File: bosh.1

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bosh 0.6-6
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.\"bosh man page
.\"(C) Alex Sisson, 2008-2009
.TH bosh 1 "18-MAR-2008" bosh-0.6
.SH NAME
.B bosh \- Browsable Output SHell
.SH SYNOPSIS
.B bosh
.I [OPTIONS] [CONFIGURATION] [CONFIGURATION OPTIONS]
.PP
.SH DESCRIPTION
.PP
.B bosh
takes the output of a program or script and provides a curses interface to browse that output. A particular
line of that output can be selected and actions can be defined and executed and make use of the that selected line.
.SH USAGE
CONFIGURATION is the name of a bosh configuration file (see below), in which
case that is loaded.

If CONFIGURATION is absent, and bosh is invoked on the end of a pipe, it will read
from stdin.

Bosh now supports passing arguments to the CONFIGURATION. The arguments will be available
in the standard way ($1...$9,$*,$@,etc).

Bosh can be invoked as above, or as "interpreter", meaning it can invoked from
a shebang (#!) line at the top of a script. This script would just be a bosh
configuration file. See
.B bops
as an example, which should have come with
.B bosh.

.SH OPTIONS
.TP
.B \-h / \-\-help
show help and exit
.TP
.B \-v / \-\-version
show version and exit
.TP
.B \-\-autorefresh=\fIN\fP
Automatically re-run command every N seconds.
.TP
.B \-\-cursorsize=\fIN\fP
Set the cursor to N lines high.
.TP
.B \-\-cursormovement=\fIN\fP
Set how much the cursor moves one an up/down keypress.
.TP
.B \-\-header=\fI[N]\fP
Prevent the cursor from entering the first N rows of the output.
.TP
.B \-\-multilineseperator=\fISTRING\fP
When an action is invoked and the cursor is multi-line, the lines selected will be concatenated together.
With this setting a separating string can be specified to be inserted between the lines.
.TP
.B \-\-preaction=\fICOMMANDS\fP
A command or commands that will be run on the invocation of all actions, before the action is run.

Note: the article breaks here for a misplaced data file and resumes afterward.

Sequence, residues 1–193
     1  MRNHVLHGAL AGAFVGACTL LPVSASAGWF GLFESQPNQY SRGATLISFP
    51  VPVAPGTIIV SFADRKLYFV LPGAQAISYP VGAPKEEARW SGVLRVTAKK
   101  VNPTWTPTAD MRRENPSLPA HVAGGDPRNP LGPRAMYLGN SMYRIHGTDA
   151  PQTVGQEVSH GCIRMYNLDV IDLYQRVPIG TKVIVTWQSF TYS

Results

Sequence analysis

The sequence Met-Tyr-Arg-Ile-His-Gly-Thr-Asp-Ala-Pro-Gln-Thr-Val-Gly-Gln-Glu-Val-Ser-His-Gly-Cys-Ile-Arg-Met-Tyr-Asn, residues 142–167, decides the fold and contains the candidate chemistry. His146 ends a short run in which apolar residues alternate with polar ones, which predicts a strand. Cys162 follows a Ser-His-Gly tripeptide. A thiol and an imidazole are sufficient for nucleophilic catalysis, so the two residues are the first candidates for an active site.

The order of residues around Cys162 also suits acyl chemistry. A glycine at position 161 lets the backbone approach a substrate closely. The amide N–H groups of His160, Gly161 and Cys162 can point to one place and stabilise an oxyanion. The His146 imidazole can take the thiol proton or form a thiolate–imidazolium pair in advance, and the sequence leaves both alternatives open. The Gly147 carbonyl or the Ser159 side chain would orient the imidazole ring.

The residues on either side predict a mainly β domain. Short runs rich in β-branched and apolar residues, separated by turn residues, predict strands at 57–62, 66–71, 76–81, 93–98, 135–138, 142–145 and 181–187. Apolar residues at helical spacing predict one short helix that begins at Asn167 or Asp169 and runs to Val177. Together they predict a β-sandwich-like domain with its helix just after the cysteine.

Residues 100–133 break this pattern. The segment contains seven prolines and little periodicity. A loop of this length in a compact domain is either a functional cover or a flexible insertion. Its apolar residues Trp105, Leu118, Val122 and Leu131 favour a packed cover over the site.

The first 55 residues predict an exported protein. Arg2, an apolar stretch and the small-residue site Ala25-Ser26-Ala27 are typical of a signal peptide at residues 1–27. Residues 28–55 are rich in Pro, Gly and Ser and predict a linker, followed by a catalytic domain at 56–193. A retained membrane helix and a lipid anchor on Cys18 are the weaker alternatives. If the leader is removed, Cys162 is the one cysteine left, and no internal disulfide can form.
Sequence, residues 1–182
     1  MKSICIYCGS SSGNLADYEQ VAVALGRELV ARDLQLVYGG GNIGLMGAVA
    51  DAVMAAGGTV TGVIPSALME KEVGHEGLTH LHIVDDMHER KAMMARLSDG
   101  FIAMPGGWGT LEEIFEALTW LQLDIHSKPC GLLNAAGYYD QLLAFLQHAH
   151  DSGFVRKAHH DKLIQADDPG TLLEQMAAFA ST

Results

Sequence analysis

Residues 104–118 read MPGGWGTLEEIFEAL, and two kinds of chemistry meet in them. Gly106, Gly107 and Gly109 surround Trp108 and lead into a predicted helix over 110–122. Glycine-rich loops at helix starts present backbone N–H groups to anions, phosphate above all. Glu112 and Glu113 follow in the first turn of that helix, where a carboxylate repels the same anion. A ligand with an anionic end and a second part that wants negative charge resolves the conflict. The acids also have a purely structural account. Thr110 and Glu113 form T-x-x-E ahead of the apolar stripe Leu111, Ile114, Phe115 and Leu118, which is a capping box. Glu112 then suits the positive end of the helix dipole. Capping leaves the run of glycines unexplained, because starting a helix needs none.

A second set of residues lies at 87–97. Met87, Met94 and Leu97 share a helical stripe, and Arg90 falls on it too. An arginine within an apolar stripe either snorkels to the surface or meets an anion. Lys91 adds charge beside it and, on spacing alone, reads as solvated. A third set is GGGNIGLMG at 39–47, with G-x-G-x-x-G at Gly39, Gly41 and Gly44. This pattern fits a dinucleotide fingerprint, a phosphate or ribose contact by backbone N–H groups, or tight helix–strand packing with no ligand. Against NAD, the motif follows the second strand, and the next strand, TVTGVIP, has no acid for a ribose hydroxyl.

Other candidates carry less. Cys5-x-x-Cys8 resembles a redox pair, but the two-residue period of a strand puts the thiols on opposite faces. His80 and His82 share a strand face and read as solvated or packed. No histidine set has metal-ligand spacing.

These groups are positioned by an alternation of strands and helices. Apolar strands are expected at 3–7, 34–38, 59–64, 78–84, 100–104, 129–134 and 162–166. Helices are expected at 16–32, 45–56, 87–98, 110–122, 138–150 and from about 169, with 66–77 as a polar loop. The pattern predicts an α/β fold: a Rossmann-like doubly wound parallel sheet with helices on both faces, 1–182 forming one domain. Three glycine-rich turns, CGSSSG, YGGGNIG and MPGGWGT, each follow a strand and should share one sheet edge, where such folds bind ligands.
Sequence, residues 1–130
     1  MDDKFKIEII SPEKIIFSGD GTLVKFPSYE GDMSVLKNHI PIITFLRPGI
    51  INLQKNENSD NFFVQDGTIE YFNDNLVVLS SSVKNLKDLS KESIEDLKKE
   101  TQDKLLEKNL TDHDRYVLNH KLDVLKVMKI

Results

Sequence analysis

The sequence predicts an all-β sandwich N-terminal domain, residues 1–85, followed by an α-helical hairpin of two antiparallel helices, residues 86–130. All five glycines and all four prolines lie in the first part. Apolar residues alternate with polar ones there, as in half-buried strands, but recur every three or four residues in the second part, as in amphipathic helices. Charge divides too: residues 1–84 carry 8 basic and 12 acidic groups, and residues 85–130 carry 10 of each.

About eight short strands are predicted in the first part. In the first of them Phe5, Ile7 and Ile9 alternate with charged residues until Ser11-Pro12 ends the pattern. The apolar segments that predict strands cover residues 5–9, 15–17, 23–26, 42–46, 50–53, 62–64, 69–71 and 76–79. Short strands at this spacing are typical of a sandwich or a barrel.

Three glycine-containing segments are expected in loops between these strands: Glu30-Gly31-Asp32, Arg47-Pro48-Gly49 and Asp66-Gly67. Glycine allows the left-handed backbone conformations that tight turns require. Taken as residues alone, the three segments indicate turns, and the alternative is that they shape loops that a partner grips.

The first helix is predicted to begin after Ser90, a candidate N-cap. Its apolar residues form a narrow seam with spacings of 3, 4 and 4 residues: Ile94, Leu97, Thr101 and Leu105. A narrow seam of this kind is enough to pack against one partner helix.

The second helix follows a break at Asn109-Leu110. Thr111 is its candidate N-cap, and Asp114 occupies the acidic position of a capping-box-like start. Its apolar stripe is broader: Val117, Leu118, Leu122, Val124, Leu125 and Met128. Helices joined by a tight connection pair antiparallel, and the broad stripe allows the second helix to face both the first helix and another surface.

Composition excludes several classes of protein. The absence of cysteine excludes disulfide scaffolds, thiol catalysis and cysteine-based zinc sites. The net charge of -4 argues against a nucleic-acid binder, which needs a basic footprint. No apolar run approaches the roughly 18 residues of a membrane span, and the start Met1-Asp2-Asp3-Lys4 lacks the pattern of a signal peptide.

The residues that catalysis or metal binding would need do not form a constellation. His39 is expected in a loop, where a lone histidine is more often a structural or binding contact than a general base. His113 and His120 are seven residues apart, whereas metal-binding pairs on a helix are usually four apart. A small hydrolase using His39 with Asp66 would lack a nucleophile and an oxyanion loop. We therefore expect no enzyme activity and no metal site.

This allows code that is a common for the actions to be only defined once. Preactions are simply prefixed onto the action
when the action is invoked. This means you will need to include a separating character (eg ;) at the end of preaction.
.TP
.B \-\-refresh=\fI[0,1]\fP
A value of 1 means that bosh will re-run the command after an action is performed.
.TP
.B \-\-uservars=\fIN\fP
Set the number of user variables ( of the form
.B $BOSHVARx
) available. See the
.B USER VARIABLES
section below.


.SH CONFIGURATION FILES

Bosh configs are fairly simple. Firstly you need a line which tells bosh the
actual program to execute to show it it's buffer \-

.RS
.B command=ps x
.RE

It could also be a chain of commands (bash) \-

.RS
.B command=for i in *; do echo $i; done
.RE

Or it can spread it over multiple lines for readability with a \\ (must be at the end of line!) \-

.RS
.B
command=for i in * \\
.HP
.B
do \\
.HP
.B
echo $i \\
.HP
.B
done
.RE

Or now even better, bosh supports blocks delimited by {{ and }} \-
.RS
.B
command{{
.HP
.B
for i in *
.HP
.B
do
.HP
.B
echo $i
.HP
.B
done
.HP
.B
}}
.RE

These can be used with all options and actions.

Command line arguments given to bosh after the COMMAND parameter are available
and can be used as follows \-

.RS
.B command=ps $*
.RE

This would allow the user to specify the format of ps when invoking bosh.

Commands can also set
.B BOSHERR.
When execution of the command finishes, bosh
will exit and display the value of
.B BOSHERR
if it has been set. 

.RS
.B
command=if [ \-z "$1" ] \\
.HP
.B
then \\
.HP
.B
  BOSHERR="usage: $BOSHCONF [SECTION] NAME" \\
.HP
.B
  return 1 \\
.HP
.B
fi \\
.HP
.B
man $*
.RE

This will mean bosh exits immediately if no arguments are passed on the
command line. Note the use of
.B return
rather than
.B exit.

After the command option, you can specify any of the options specified above in the
.B OPTIONS
section, but without the \-\- prefix \-

.RS
.B header=4
.P
.B refresh=1
.RE


.SH ACTIONS
Basic actions are defined as \-

.RS
.B KEY=command
.RE

eg:

.RS
.B k=kill $(echo $BOSH | cut \-f1 \-d' ')
.P
.B 9=kill \-9 $(echo $BOSH | cut \-f1 \-d' ')
.RE

Or, using the preaction setting (see above) \-

.RS
.B preaction=PID=$(echo $BOSH | cut \-f1 \-d' ');
.P
.B k=kill $PID
.P
.B 9=kill \-9 $PID
.RE

The keys available are a-z,0-9 and enter. Bosh keys are not case sensitive,
so A= is the same as a=.

.B $BOSH
is an environment variable containing the currently selected line(s)